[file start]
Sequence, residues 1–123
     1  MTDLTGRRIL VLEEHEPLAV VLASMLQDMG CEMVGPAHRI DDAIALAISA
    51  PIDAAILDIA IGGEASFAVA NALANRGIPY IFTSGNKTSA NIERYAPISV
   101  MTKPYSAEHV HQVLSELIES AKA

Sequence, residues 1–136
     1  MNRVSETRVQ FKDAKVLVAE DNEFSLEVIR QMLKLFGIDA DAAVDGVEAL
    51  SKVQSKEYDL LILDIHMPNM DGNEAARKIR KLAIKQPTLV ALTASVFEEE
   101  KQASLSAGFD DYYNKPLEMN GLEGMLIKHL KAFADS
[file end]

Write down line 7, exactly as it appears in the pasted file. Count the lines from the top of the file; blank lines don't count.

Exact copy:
    51  SKVQSKEYDL LILDIHMPNM DGNEAARKIR KLAIKQPTLV ALTASVFEEE